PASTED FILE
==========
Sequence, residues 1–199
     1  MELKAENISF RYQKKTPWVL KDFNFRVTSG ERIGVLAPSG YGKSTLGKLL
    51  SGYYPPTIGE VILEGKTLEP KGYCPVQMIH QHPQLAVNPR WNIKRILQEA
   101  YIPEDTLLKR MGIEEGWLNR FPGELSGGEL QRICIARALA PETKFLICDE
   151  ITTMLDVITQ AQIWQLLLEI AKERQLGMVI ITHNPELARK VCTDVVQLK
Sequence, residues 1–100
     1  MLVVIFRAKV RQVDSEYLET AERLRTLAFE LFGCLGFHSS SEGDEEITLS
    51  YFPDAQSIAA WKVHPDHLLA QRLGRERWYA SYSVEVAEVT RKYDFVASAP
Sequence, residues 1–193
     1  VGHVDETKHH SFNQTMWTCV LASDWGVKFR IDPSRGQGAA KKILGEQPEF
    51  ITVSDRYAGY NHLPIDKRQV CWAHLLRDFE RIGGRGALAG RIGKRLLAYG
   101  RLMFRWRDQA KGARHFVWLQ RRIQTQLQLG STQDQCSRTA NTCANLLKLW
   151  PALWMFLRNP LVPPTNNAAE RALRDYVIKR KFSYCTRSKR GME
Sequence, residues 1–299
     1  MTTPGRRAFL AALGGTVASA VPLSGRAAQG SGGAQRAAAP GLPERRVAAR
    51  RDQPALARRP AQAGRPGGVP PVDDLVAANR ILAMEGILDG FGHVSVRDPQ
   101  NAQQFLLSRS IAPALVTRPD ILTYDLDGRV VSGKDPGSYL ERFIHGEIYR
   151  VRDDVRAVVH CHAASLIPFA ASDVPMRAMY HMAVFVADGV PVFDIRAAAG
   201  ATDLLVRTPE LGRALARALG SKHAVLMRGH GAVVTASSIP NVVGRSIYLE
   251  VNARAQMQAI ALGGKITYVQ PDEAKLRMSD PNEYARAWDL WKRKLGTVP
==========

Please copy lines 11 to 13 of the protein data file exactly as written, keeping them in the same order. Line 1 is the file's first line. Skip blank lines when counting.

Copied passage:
    51  ITVSDRYAGY NHLPIDKRQV CWAHLLRDFE RIGGRGALAG RIGKRLLAYG
   101  RLMFRWRDQA KGARHFVWLQ RRIQTQLQLG STQDQCSRTA NTCANLLKLW
   151  PALWMFLRNP LVPPTNNAAE RALRDYVIKR KFSYCTRSKR GME